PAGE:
Antiretroviral therapy (ART) consisting of the nonnucleoside reverse transcriptase inhibitor (NNRTI), efavirenz, and tenofovir disoproxil fumarate combined with lamivudine or emtricitabine is a WHO recommended choice for first-line ART  and have become the mainstay of the large-scale rollout of ART in the Southern African region. The WHO has formulated criteria for determining levels of transmitted drug resistance (TDR) recommending the inclusion of asymptomatic and recently diagnosed individuals under 25 years of age  in an attempt to detect resistant viral strains before reversion to levels undetectable by population sequencing. However, this approach is logistically challenging. Testing at the time of commencing first-line ART is more commonly performed , referred to as pre-ART drug resistance (PDR). As not all patients presenting for first-line ART initiation are truly ART naive, PDR is a combination of detectable TDR and other effects, including undisclosed ART exposure, both programmatically important. PDR should be distinguished from WHO-defined TDR surveillance [3–5]. Nevertheless, in a universal test and treat setting a large proportion of patients presenting for first-time ART may be recently infected, likely providing a good estimate of TDR.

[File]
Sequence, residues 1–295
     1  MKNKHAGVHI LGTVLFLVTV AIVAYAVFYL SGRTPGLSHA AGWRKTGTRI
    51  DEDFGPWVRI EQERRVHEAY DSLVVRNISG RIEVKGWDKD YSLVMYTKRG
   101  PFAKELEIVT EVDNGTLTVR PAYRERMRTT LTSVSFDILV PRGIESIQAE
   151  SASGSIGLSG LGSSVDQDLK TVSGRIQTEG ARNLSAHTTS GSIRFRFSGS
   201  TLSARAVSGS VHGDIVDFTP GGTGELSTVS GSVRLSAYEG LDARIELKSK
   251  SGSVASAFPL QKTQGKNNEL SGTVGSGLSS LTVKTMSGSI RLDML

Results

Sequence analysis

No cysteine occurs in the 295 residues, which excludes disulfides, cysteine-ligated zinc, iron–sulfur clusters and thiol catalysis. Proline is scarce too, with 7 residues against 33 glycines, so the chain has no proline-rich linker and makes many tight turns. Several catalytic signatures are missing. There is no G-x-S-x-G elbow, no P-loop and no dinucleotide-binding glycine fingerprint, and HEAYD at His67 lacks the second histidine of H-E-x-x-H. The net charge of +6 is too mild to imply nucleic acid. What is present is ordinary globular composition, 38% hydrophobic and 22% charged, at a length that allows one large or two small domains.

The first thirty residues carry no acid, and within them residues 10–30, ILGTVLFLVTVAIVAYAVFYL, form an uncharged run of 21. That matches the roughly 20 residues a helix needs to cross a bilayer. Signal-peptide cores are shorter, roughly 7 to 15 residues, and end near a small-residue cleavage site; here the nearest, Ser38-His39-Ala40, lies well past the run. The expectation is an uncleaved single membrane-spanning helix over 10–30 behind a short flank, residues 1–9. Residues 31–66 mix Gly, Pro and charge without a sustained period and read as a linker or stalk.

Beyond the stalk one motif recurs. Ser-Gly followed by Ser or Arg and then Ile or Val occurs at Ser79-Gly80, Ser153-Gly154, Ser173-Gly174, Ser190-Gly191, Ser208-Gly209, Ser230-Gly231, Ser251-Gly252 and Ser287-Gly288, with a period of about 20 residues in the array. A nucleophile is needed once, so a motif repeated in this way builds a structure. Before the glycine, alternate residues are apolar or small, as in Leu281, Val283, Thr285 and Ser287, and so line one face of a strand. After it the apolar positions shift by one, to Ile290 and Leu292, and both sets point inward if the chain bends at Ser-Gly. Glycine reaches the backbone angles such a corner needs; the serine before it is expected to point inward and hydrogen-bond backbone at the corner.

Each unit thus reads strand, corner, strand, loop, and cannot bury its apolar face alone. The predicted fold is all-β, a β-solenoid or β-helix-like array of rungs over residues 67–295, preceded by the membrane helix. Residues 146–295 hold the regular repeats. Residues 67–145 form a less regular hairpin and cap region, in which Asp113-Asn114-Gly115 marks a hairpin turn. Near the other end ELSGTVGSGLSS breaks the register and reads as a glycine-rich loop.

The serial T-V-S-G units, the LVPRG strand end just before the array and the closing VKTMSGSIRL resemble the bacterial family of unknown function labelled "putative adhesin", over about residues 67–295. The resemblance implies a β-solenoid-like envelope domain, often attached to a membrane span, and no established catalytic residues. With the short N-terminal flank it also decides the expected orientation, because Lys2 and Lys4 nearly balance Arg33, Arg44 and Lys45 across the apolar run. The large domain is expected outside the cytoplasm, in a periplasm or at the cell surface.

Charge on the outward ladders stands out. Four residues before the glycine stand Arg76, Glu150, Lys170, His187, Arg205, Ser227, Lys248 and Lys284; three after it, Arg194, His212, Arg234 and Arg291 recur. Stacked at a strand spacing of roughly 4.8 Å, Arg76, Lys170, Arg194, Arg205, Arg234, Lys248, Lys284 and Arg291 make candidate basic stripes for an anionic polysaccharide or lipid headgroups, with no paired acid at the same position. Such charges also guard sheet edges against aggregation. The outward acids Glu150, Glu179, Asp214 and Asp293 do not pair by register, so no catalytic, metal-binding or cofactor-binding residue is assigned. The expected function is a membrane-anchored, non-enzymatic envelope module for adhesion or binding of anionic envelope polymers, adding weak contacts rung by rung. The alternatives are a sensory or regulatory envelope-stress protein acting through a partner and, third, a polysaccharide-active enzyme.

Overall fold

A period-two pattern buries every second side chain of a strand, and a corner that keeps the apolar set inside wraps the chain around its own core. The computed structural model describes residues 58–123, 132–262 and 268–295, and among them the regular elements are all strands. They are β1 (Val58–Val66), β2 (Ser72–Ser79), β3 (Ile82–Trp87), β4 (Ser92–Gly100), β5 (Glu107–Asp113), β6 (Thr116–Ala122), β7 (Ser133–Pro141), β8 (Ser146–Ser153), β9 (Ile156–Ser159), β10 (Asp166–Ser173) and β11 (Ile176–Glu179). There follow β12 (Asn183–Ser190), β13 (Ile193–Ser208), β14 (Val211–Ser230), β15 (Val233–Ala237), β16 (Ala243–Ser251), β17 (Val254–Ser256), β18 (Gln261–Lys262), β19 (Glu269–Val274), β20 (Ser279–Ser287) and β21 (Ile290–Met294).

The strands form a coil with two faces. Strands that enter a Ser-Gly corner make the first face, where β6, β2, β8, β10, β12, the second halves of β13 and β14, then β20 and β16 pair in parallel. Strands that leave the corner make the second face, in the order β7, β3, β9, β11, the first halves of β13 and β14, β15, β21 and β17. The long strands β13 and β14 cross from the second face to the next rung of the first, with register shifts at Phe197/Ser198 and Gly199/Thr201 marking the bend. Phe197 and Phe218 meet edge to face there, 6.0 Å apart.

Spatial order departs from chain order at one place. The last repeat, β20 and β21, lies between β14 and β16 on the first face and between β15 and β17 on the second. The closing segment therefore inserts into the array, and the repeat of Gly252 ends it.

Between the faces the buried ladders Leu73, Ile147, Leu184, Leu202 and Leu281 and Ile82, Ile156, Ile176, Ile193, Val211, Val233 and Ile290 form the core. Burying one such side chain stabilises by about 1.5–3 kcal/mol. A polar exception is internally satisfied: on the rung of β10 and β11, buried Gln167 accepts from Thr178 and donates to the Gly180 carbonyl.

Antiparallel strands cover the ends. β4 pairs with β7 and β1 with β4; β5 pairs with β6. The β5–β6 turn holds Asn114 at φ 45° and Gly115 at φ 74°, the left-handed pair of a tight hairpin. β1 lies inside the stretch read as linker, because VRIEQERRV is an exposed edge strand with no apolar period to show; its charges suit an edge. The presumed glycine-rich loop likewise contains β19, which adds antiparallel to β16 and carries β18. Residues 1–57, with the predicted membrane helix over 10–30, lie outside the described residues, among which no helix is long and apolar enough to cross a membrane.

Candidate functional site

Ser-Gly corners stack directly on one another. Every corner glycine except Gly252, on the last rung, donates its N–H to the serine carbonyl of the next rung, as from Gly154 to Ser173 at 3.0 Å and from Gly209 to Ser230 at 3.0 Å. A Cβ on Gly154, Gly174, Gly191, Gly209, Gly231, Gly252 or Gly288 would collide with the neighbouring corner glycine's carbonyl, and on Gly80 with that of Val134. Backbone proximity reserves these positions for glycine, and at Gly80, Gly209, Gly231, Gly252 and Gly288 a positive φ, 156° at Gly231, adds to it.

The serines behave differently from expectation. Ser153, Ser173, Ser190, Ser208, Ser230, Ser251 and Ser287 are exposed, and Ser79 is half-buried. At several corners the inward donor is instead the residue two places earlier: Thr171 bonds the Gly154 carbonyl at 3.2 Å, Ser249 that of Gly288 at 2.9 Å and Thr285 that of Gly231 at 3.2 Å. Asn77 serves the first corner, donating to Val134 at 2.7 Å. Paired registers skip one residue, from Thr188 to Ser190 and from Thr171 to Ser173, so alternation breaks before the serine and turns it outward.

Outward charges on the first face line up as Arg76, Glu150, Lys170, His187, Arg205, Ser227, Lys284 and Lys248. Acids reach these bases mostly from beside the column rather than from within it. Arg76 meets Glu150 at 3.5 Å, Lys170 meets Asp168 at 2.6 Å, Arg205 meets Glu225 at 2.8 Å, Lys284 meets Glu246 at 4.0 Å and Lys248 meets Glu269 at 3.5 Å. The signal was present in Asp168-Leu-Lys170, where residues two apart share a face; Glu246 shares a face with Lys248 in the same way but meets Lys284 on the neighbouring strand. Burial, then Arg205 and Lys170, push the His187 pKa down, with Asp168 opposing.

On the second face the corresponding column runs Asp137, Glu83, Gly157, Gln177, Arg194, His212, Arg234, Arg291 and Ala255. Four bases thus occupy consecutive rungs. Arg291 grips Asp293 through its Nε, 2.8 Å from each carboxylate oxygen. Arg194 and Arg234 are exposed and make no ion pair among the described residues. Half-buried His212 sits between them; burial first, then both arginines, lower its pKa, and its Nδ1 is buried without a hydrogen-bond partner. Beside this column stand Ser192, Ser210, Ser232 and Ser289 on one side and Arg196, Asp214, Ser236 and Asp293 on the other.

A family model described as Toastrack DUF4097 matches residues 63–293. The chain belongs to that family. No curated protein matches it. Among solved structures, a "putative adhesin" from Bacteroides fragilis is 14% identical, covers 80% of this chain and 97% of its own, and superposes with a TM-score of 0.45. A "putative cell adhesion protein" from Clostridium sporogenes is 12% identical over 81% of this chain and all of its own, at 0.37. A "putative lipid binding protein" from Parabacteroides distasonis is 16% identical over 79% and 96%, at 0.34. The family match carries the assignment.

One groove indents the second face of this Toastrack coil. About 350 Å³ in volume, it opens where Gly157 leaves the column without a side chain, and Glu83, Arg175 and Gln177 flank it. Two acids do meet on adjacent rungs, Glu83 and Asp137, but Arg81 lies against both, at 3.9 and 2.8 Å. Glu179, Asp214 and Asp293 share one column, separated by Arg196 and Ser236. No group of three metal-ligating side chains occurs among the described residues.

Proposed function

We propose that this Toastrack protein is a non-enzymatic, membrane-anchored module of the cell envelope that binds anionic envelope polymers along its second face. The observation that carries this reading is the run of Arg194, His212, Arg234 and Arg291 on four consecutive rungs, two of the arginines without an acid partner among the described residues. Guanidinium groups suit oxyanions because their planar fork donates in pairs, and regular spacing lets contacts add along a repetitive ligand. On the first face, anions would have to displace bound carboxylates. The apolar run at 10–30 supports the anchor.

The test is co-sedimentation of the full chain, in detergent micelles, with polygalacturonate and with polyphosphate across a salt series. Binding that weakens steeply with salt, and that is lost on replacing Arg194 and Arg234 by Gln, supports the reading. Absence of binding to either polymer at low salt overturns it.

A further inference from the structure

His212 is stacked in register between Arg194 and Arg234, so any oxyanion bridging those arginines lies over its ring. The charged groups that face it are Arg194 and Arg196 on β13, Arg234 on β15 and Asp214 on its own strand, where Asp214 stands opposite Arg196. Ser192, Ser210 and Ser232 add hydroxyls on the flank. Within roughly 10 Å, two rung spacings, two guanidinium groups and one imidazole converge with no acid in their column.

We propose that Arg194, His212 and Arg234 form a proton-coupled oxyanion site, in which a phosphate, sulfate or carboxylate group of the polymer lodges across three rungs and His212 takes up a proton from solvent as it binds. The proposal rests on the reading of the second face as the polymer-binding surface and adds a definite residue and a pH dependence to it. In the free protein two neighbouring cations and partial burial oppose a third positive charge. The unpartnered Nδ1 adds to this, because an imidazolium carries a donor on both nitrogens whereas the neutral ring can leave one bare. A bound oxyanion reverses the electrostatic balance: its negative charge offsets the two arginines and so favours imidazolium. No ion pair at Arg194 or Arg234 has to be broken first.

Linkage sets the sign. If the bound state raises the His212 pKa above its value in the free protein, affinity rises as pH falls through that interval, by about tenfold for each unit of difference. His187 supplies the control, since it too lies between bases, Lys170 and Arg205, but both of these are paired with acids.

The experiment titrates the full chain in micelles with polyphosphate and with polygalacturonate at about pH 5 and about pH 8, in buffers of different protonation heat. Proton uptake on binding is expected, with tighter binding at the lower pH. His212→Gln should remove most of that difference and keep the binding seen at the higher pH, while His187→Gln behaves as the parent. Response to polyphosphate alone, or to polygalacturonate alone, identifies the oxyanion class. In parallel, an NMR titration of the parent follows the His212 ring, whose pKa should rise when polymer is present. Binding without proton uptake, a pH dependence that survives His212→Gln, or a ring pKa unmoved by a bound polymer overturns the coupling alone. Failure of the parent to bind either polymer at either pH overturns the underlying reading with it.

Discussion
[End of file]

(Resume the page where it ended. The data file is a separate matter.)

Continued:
Models predict that TDR would increase with higher therapy coverage and a longer time since therapy scale-up . Routine viral load monitoring to identify patients experiencing ART failure, could limit TDR by early identification of patients who require interventions to achieve viral load suppression before they could infect others . Conversely, delayed therapy switches of patients failing ART may contribute to an increase in TDR . Uniform surveillance for drug resistance is based on a list of surveillance drug resistance mutations (SDRM), which excludes subtype-associated polymorphisms . Recently, an increase in PDR has been described in South Africa [10,11]. An increase of PDR against NNRTI has also recently been reported from the larger Sub-Saharan African region, the Caribbean/Latin America, United States, and upper-income Asian countries, whereas levels remained stable at moderate levels in Europe [12–15].